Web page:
Stay­ing in your cir­cle of com­pe­tence

Know­ing what in­vest­ment ar­eas you are knowl­edgable about and stick­ing to those ar­eas is cru­cial to long-term suc­cess.

Finweek English Edition - - MARKETPLACE - Edi­to­rial@fin­

i’ve been re-read­ing a few older Berk­shire Hathaway an­nual let­ters writ­ten by War­ren Buf­fett and found this gem in his 1996 let­ter: “What an in­vestor needs is the abil­ity to cor­rectly eval­u­ate se­lected busi­nesses. Note that word ‘se­lected’: You don’t have to be an ex­pert on ev­ery com­pany, or even many. You only have to be able to eval­u­ate com­pa­nies within your cir­cle of com­pe­tence. The size of that cir­cle is not very im­por­tant; know­ing its bound­aries, how­ever, is vi­tal.”

It was sup­pos­edly in­spired by a com­ment by IBM founder Tom Wat­son, who said: “I’m no genius. I’m smart in spots – but I stay around those spots.” It got me to won­der­ing how of­ten we leave our cir­cle of com­pe­tence as in­vestors. I sus­pect far too of­ten.

First, com­plete novices to in­vest­ing should start with the ab­so­lute ba­sics and learn about exchange-traded funds (ETFs), and in­vest in them ex­clu­sively. For most peo­ple this is more than enough. Buy some ETFs ev­ery month, come back in a cou­ple of decades and we’ll have cre­ated wealth. Mis­sion ac­com­plished.

But most of us (and I in­clude my­self in this cat­e­gory) start at the very com­pli­cated and risky end – trad­ing. We dive into de­riv­a­tives when we don’t even un­der­stand mar­kets, and we ex­pect to be able to make prof­its in su­perquick time. No­body ever does.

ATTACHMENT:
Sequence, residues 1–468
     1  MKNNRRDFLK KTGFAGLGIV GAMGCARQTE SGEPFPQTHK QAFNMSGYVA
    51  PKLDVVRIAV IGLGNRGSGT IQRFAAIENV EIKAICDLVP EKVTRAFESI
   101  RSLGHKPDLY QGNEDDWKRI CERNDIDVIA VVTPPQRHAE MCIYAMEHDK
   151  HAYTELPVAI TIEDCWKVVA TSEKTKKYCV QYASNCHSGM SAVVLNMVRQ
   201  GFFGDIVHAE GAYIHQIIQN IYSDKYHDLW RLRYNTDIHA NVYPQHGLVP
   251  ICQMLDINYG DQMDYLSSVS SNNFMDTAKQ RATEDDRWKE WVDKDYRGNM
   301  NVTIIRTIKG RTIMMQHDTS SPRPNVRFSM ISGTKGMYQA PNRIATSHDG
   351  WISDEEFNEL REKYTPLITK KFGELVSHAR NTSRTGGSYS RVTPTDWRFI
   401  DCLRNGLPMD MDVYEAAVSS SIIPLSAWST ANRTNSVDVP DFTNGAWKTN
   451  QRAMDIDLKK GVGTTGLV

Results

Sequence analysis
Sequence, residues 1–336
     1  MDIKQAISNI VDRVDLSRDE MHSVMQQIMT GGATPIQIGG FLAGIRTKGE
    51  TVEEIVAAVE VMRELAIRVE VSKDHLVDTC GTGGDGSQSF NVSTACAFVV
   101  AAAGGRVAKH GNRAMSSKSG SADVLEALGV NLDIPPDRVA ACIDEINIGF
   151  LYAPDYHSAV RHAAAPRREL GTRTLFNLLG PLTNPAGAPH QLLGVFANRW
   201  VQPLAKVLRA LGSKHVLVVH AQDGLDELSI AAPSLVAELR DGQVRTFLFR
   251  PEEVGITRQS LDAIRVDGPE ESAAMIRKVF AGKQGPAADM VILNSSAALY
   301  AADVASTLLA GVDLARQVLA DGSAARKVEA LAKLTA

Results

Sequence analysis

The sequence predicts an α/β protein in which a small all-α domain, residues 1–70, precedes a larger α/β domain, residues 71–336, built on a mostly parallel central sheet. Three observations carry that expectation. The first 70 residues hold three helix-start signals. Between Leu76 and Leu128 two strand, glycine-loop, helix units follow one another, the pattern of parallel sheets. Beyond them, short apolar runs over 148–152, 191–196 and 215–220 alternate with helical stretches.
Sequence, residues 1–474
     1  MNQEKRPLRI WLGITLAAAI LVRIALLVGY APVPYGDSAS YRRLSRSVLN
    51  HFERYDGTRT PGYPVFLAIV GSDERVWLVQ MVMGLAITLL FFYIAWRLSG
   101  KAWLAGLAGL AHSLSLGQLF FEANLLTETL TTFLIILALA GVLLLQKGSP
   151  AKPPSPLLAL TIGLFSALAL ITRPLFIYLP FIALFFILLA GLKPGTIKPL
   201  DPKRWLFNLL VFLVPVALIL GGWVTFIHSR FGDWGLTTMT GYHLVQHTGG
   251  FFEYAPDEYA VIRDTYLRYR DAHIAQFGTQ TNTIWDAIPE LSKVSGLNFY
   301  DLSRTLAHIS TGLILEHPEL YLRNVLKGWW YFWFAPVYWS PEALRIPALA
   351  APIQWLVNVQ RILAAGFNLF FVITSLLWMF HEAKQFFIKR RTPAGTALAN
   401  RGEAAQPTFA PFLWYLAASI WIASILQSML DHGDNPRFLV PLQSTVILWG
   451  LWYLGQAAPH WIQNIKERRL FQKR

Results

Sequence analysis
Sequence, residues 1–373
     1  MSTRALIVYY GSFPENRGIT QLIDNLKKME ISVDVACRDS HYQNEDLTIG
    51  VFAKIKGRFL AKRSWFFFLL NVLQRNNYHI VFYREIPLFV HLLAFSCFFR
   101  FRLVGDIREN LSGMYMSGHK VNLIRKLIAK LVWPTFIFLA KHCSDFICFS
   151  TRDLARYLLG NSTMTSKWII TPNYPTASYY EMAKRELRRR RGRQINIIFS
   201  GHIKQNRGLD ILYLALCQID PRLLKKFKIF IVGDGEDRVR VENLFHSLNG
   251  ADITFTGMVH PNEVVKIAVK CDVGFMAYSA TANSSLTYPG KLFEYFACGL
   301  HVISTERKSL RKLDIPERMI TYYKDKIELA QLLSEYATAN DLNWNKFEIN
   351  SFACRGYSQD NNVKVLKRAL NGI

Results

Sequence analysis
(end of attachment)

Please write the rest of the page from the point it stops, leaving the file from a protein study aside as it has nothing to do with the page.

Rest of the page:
Hav­ing started with ETFs, some of us will then move on – those of us who are num­ber nerds, who love piles of num­bers that we can pull apart and try make sense of.

But even then we need to stick closely to our cir­cle of com­pe­tence. For ex­am­ple, when in­vest­ing off­shore I only buy ETFs, be­cause my knowl­edge of the hun­dreds of thou­sands of com­pa­nies off­shore is lim­ited. On the lo­cal exchange I have been watch­ing most com­pa­nies ei­ther since list­ing or for the past 20 years. I take it a step fur­ther. Within JSE-listed com­pa­nies there are a lot of ar­eas that I am no ex­pert in, so I ei­ther stay away or get ex­pert help when dig­ging into cer­tain sec­tors; in­surance be­ing one of them.

A rel­a­tively easy space is min­ing, but we still need to un­der­stand re­serves, head grades, op­er­at­ing mar­gin and the lever­age im­pact of this mar­gin. None of it is rocket sci­ence, but we need to be­come ex­perts in the field.

Then, I knew noth­ing about min­ing, but it was a large part of the lo­cal mar­ket back in the 1980s, so I set out to get smarter. I read books, spoke to min­ers, read min­ing com­pany re­sults and an­nual re­ports, gen­er­ally be­com­ing a lot smarter about the eco­nom­ics of min­ing. The beauty of this knowl­edge is that now, some 30 years later, I still have it and can use it as and when re­quired.

So, as new­bies start­ing out, we need to recog­nise our lack of knowl­edge and not be afraid of it. Rather stick to what we do know and slowly and care­fully build our knowl­edge cir­cle. When we en­counter ar­eas about which we have lit­tle knowl­edge, we need to ad­mit that fact and ei­ther seek ex­pert help or move on to ar­eas we are ex­pert in. We do not need to be an ex­pert in ev­ery field, and we’re bet­ter served by tak­ing Tom Wat­son’s com­ments to heart: Be smart in sec­tors. Know what those sec­tors are and stick to them.

And, as I men­tioned in the be­gin­ning, start with ETFs. Be­come an ETF ex­pert first be­fore mov­ing into in­di­vid­ual sec­tors.

When we en­counter ar­eas about which we have lit­tle knowl­edge, we need to ad­mit that fact and ei­ther seek ex­pert help or move on to ar­eas we are ex­pert in.

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